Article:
FHLT Trams In Care - Brush Car 290 (627)
One of the noteworthy members of the twenty strong class of Brush built rail coaches (284 - 303) is number 290 which latterly was renumbered 627 in the great fleet renumbering sage of the mid 1960s. Previously unremarkable, the tram's fame and importance is entirely due to it becoming the very last tram to depart from Blackpool's North Station in October 1963 on the final night of that historic service to Fleetwood. Opened in 1898 by the Blackpool & Fleetwood Tramroad Company - the service provided travellers arriving by train at Blackpool North (originally Talbot Road Station) with a convenient coastal route all the way to the Fleetwood terminus outside both the Ferry to Knott End and Fleetwood's own railway terminus adjoining the River Wyre. From here travellers once took advantage of seagoing steamers onward to Barrow, Scottish ports on the west coast, Belfast and the Isle of Man.
Taken over by Blackpool Corporation in 1920 - the Tramroad Company and all of its assets, which included 41 single deck open and closed trams, morphed its line with the seafront services of the Corporation Tramways but retaining unique railway type destinations along its route, as well as the service number '1'. It was the only Blackpool tram service to be numbered.
Brush car 290 was based originally at Bispham Depot with fellow cars until 1963 when the North Station tram service was converted to bus operation. Thereafter 290 transferred to Rigby Road Depot for remainder of its service life which continued on up to 2010 when it became redundant. The FHLT naturally took an active interest in securing the tram for preservation as a priority, In 2012 it was transferred to HM Prison in Kirkham, along with sister car 621 (see previous Blog) also in the ownership of the FHLT at the time.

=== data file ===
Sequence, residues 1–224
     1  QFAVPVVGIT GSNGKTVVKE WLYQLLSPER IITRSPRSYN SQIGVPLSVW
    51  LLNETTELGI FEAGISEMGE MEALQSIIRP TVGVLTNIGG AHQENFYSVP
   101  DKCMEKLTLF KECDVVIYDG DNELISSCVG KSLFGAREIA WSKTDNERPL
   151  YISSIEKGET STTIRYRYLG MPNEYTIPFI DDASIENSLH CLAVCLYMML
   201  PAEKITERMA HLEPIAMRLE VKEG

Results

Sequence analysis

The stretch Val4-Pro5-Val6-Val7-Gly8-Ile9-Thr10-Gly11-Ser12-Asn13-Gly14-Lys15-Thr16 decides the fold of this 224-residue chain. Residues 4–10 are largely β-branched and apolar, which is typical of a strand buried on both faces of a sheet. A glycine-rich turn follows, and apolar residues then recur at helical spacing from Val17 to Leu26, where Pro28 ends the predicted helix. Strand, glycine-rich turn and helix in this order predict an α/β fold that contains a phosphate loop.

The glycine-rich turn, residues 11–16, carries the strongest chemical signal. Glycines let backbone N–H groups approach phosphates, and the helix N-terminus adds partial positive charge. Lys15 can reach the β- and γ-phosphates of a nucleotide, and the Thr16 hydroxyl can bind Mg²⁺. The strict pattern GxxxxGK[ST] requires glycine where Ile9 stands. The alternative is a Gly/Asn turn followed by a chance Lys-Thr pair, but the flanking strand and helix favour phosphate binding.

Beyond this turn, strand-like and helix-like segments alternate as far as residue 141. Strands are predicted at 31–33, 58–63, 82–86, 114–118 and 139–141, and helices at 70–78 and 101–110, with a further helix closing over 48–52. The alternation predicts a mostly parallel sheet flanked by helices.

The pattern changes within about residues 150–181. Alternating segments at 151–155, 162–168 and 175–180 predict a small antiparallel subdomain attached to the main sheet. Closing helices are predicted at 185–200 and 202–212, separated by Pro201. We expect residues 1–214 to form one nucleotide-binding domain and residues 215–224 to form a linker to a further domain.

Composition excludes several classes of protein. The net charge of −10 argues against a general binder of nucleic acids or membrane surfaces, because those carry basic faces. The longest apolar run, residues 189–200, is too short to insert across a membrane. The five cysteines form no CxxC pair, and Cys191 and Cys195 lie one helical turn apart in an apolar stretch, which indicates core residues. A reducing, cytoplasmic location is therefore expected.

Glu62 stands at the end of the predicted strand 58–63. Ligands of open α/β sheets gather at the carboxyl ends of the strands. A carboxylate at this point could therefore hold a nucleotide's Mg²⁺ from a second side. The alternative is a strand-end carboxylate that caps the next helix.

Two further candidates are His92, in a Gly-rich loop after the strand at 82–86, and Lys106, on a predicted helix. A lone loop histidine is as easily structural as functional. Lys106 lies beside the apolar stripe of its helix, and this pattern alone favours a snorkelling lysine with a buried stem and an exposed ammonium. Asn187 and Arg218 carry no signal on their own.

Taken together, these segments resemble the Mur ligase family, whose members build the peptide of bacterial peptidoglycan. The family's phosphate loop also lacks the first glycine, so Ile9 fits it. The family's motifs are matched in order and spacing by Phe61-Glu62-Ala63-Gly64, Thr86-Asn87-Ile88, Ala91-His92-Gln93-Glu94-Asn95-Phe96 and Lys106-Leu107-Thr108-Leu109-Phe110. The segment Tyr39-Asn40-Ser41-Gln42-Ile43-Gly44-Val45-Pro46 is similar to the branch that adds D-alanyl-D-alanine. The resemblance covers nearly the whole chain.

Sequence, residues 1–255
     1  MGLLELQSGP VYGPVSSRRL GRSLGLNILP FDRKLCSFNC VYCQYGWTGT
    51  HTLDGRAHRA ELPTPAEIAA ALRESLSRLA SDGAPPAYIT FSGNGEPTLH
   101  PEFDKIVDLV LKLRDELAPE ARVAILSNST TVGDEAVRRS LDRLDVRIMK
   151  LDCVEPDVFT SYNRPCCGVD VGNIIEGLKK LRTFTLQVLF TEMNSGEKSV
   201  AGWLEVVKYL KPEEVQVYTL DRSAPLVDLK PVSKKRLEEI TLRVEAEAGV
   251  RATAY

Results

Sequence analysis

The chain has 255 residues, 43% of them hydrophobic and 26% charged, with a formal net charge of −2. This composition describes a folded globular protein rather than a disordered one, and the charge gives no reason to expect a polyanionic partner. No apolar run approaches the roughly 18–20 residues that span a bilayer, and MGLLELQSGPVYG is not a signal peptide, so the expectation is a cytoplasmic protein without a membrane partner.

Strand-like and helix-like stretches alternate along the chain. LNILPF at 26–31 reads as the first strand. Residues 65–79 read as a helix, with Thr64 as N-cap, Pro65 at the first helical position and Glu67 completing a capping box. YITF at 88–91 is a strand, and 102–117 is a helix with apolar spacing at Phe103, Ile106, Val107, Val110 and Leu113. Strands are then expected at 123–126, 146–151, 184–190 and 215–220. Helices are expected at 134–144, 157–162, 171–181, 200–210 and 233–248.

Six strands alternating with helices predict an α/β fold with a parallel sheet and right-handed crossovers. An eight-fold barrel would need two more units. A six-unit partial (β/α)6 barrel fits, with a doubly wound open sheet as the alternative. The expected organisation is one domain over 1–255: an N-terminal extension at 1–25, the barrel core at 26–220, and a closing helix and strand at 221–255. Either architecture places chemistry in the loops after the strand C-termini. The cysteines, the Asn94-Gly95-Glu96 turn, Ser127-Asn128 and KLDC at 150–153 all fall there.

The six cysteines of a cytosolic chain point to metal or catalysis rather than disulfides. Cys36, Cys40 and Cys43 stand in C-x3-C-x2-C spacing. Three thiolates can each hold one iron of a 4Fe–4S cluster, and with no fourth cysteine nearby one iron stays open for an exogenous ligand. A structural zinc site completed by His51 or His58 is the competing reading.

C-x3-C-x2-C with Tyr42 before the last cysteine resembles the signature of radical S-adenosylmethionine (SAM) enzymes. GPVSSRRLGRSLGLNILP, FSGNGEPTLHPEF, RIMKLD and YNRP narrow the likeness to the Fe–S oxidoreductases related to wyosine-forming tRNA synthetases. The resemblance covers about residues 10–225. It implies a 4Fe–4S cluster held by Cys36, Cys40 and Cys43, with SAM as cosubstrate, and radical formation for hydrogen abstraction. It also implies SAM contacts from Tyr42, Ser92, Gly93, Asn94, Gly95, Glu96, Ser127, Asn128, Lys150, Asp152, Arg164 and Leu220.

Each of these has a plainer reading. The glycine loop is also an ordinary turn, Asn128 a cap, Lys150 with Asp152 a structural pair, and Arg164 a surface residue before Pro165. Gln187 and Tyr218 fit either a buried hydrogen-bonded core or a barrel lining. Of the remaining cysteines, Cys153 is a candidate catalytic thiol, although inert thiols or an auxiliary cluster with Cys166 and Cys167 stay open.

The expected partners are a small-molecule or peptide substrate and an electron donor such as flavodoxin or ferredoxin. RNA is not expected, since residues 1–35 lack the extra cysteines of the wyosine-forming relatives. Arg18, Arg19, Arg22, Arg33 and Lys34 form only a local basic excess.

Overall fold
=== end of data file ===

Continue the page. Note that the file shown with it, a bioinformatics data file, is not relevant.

HM The Queen's Diamond Jubilee in 2012 merited a special display in conjunction with Blackpool Council who added a short length of tram track on their land at the Pleasure Beach terminus. The Trust arranged for two Fleetwood schools and the Blackpool and the Fylde College to create a series of murals commemorating the Queen's reign which were used in each of the saloon windows. A celebratory colour scheme of gold, white and silver was painted onto the tram after repair work was carried out on sections of the tram's roof by Colin MacLeod at the prison. New external LED lighting strips were added to the side panels and ends of the car together with a rendition of the side 'sweeps' favoured by Blackpool's Transport Manager during the 1930s and 1940s. In this condition the tram then was moved to the display track at the Pleasure Beach attracting a great deal of attention.
Following the Diamond Jubilee the FHLT then partnered with another Blackpool cultural project involving a street artist 'Inkie' who set about repainting the tram in a dramatic 'punk' style as part of a town centre street art display. This did not always find favour with traditionalists but nonetheless was a worthy contribution to the town's seafront attractions. The Trustees then repainted 290 in a traditional green and cream transport colour scheme for its final years of display. On conclusion of two years in this format, the tram was removed to make way for another of the Trust's preserved cars, Centenary 641. Number 290 then was given accommodation in Rigby Road Depot where it presently resides whilst the FHLT determine the optimum long term home for the car at the time of writing.
Hard to believe but this was 290 in its final condition being made ready for transfer from Rigby Road Depot to Kirkham Prison - with the reliable Scotts Heavy Haulage team at work, Of course the tram was then numbered 627.
A big improvement on the earlier makeover as Colin MacLeod (yet again) stands by 290 with some examples of student designs in the saloon windows. Below : Preparing 290 for yet another makeover with the windows cleared of artwork prior to a dramatic transformation
'Inkie' gets to work on embellishing the tram in a totally creative style on a gold background and the beginnings of freelance artwork. Below : with the help of an assistant the format of this unique design is taking shape. Photos : John Woodman